Self-management programs

Self-management programs are defined as "any formalized patient education programme aimed at teaching skills needed to carry out medical regimens specific to the disease, guide health behaviour change, and provide emotional support for patients to control their disease and live functional lives" (Effing 2007). Patients with COPD experience high symptom burden and poor health-related quality of life, and are required to manage their condition over extended periods (Bourbeau 2003). Evidence suggests that self-management education programs that target skills to assist patients in coping are likely to reduce hospital admissions in patients with COPD, but there is heterogeneity in current studies (Effing 2007).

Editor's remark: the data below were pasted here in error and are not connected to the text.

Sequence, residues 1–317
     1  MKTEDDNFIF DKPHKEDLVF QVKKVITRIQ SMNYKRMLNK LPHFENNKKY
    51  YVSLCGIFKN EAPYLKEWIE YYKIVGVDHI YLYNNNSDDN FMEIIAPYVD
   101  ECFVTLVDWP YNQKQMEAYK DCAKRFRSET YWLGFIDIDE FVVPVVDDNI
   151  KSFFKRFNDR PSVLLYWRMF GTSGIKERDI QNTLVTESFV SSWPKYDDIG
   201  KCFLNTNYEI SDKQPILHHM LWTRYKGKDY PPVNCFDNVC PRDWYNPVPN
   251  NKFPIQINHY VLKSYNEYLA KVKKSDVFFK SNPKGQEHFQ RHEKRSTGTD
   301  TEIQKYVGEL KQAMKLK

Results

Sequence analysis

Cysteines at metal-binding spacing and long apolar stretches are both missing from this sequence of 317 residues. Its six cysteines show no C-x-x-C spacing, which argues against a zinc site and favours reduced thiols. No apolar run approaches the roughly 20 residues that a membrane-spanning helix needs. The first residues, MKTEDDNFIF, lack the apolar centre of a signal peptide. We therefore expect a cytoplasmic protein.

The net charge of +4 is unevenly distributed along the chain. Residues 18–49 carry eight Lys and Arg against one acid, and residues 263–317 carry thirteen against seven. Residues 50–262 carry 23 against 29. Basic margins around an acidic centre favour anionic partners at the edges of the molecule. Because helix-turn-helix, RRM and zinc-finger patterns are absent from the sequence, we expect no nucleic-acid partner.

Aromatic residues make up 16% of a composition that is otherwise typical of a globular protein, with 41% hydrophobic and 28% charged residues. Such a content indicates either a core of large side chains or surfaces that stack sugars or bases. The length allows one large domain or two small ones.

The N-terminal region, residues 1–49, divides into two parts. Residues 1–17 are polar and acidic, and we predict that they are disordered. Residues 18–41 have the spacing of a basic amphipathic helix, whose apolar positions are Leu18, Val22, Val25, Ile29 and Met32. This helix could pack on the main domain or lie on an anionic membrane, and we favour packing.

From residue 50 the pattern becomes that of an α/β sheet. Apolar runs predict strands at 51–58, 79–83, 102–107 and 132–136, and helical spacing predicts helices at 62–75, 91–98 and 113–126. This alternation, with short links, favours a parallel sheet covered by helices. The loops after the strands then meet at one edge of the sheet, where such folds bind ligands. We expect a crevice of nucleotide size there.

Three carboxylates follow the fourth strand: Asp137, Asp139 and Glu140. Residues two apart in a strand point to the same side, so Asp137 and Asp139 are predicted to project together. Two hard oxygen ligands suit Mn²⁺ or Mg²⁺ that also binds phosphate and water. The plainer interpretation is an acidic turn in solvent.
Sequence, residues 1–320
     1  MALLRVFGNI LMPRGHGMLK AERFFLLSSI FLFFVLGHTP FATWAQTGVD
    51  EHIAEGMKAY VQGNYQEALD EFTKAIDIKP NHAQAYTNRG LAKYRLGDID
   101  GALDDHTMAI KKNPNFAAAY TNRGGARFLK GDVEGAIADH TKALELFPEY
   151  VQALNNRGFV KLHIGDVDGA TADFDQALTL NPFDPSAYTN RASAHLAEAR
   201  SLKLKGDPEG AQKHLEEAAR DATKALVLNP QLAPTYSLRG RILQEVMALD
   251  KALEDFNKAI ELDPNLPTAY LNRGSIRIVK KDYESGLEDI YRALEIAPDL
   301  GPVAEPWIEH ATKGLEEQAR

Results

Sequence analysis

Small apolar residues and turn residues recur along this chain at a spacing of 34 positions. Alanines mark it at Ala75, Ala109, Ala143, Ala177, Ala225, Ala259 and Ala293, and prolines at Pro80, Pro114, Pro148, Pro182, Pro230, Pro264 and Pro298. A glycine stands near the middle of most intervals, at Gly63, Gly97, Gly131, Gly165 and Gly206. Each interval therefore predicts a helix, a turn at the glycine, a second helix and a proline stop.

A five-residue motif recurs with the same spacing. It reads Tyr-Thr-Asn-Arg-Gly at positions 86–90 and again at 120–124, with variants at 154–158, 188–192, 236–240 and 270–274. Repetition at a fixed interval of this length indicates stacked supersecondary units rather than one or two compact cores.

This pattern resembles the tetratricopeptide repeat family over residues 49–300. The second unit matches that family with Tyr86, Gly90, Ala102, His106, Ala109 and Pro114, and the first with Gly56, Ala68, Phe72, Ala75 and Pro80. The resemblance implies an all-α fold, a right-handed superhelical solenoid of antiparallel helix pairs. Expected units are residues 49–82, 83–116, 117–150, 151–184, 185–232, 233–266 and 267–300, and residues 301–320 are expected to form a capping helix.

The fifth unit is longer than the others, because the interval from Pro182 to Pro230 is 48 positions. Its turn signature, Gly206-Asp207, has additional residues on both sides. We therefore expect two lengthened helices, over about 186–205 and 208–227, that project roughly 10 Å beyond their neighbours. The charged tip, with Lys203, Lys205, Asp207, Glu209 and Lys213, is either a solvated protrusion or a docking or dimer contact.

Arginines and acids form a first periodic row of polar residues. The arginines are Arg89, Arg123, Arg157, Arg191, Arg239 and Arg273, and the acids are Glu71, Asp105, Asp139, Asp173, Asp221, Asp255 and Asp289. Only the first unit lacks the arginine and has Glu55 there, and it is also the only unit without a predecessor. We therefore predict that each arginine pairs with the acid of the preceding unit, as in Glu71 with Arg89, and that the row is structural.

Action plans as part of an integrated strategy and management guideline

Action plans are defined as "the use of guidelines which outline self-initiated interventions (such as changing medication regime or visiting the general practitioner or hospital) which are undertaken appropriately in response to alterations in the state of the patients’ COPD (e.g. increase in breathlessness, increased amount or purulence of sputum) that suggest the commencement of an exacerbation" (Turnock 2005). Patients who receive early intervention for exacerbations of COPD symptoms are shown to recover sooner and experience better quality of life with ongoing optimal management (Wilkinson 2004). Action plans have been shown to be effective in early intervention in asthma management; however the evidence for their efficacy in COPD has been limited (Gallefoss 1999; Turnock 2005).

Telehealthcare